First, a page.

Wrapping Up
I wonder if all PCs shouldn’t default to Windows 7 Starter edition and then provide the users with the option to upgrade to higher end versions as needed so you only paid for the feature you wanted, and when you paid, you’d see what you got for your money.   Now most of what you get you take for granted and probably don’t appreciate much.   You take it away and you might appreciate it enough to pay extra to get it and, I’ll bet you’d see the value of the result better and likely feel if you did upgrade, the extra value was worth the price.  Something I imagine more than a few of you don’t feel now.  

I also wonder if this might make things easier because often a new system comes in and you immediately need to spend hours patching it, where with a leaner OS, there would be less to patch and you would end up downloading current editions of the features you missed.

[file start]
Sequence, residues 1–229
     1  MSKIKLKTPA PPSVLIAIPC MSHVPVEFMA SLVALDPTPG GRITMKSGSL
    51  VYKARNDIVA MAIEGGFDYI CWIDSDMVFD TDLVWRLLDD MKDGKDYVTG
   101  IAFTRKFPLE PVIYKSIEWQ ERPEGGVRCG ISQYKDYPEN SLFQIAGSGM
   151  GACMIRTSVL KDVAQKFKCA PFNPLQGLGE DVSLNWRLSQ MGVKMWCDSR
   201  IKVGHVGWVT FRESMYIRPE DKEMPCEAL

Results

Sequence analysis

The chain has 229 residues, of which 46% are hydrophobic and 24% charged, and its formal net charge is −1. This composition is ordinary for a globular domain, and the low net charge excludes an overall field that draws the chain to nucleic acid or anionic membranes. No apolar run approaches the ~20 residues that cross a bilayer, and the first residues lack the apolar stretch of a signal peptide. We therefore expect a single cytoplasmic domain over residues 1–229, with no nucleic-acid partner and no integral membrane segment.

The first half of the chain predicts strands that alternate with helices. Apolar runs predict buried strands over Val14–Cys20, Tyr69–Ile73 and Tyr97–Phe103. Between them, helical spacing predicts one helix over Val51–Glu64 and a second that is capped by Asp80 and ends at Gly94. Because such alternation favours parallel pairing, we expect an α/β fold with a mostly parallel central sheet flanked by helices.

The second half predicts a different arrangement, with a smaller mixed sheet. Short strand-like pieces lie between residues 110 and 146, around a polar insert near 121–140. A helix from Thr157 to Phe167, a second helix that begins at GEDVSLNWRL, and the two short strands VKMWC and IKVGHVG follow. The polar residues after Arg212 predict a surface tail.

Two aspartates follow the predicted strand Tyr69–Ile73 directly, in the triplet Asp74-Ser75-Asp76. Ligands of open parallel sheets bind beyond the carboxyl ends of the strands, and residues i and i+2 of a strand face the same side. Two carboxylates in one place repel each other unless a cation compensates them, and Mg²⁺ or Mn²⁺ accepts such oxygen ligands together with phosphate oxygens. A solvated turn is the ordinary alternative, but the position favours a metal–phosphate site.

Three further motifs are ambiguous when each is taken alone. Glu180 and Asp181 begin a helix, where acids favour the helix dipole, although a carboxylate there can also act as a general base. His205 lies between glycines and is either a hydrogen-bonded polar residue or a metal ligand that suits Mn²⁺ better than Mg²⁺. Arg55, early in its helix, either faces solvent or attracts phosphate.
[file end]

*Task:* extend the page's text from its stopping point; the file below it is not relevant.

I can imagine a future OS, similar to Google Chrome, where you’d only have an operating system kernel and a browser when you bought a new system and then would go to the web and select the features and applications you wanted.   After a few hours of unattended upgrades would come back to a PC that was customized for you with only the stuff you wanted (just getting rid of the crapware  would have me looking forward to this).  

If you have a moment, I’d like to know whether you are more of a Windows 7 Ultimate, or Windows 7 Starter Edition fan.  What say you, everything but the kitchen sink (Ultimate), or just the basics (Windows Starter Edition)?  In short, given the desire to have a lean OS, do you think Windows 7 Starter Edition is the best version of Windows yet?

Rob Enderle is one of the last Inquiry Analysts. Inquiry Analysts
are paid to stay up to date on current events and identify trends and
either explain the trends or make suggestions, tactical and strategic,
on how to best take advantage of them. Currently he provides his
services to most of the major technology and media companies.

The opinions expressed in this commentary are solely those of the writer.